Fans of marijuana have long marked April 20 as a day to roll weed or munch on pot-laced brownies, and call for increased legal access to it. This year’s celebrations throughout the U.S. come amid loosening of marijuana restrictions and increasing tolerance for the plant’s use from Alaska to Massachusetts.
Today, April 20 or 4/20, is embraced by marijuana smokers nationwide as a celebration of cannabis culture. By and large, observance has remained underground given pot’s classification as an illegal substance by federal law. This year, though, things have changed, with voters in Colorado and Washington deciding in 2012 to decriminalize marijuana within state borders.
In Maryland, lawmakers opted not to decriminalize pot, but the General Assembly authorized a medical marijuana program. In recent years, Baltimore prosecutors have been easing up on marijuana possession penalties. (For contrast’s sake, D.C.’s first medical marijuana dispensary is set to open this month.)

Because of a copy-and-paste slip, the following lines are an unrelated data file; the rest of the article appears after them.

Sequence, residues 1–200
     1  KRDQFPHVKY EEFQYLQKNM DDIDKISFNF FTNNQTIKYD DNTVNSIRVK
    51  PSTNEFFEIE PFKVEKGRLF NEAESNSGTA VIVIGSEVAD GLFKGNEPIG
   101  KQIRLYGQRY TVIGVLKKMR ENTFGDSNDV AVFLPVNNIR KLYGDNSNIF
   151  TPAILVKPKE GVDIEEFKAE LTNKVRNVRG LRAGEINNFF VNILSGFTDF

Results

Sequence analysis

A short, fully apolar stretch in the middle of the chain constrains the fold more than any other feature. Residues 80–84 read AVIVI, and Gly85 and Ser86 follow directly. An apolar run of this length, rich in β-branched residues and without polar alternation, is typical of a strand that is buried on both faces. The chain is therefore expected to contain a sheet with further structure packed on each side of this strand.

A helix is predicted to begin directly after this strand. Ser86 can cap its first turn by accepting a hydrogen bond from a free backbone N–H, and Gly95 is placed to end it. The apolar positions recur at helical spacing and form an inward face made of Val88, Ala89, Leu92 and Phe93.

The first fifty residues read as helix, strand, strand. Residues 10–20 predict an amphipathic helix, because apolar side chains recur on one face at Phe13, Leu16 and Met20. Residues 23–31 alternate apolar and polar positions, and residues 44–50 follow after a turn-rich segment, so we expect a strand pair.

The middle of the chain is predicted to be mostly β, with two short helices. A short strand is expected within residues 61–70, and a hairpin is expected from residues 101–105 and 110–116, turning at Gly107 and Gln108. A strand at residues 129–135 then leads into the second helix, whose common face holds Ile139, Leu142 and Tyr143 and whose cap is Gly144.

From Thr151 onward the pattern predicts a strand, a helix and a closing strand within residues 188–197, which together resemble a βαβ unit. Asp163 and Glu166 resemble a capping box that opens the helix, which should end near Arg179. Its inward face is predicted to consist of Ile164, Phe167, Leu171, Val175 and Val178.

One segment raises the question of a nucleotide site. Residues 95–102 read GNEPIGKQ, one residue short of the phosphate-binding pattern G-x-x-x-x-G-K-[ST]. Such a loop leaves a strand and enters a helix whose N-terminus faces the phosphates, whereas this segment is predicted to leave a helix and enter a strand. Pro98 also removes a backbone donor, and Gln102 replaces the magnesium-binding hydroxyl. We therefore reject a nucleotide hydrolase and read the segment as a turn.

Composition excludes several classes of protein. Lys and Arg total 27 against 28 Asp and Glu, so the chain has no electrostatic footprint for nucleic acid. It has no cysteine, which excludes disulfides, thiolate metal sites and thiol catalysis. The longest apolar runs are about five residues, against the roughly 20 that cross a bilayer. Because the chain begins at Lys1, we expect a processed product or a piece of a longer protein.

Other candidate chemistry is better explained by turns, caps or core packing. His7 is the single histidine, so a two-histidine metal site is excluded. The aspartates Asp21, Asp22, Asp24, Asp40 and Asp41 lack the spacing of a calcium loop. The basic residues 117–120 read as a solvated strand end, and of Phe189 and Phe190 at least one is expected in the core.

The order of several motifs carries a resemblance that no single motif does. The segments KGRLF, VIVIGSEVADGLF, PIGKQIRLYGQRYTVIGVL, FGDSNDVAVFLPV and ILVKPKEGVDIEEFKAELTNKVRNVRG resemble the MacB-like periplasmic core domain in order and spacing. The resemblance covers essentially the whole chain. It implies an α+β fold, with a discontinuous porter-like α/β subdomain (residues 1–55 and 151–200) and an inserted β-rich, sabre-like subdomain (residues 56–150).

A state ballot measure legalizing marijuana for recreational use passed Nov. 6 in both Colorado and Washington state, in what might be the biggest statement of the 2012 Election aside from President Obama’s re-election and same-sex marriage.
In Colorado, the new amendment would allow adults 21 and older to legally purchase one ounce of marijuana as soon as the end of the month, while in Washington voters approved the selling and taxing of small amounts of marijuana-related products to adults beginning Dec. 6. A similar initiative was rejected in Oregon.
Despite opposing the measure himself, Colorado’s governor John Hickenlooper released a statement Tuesday night saying that “This will be a complicated process, but we intend to follow through. That said, federal law still says marijuana is an illegal drug so don’t break out the Cheetos or gold fish too quickly.” In a KUOW radio interview Nov. 7, Washington governor Chris Gregoire also expressed concern about federal reactions saying that “The jury is out on what happens. Meanwhile, my job as governor is to do what the people of the state of Washington have said they want done.”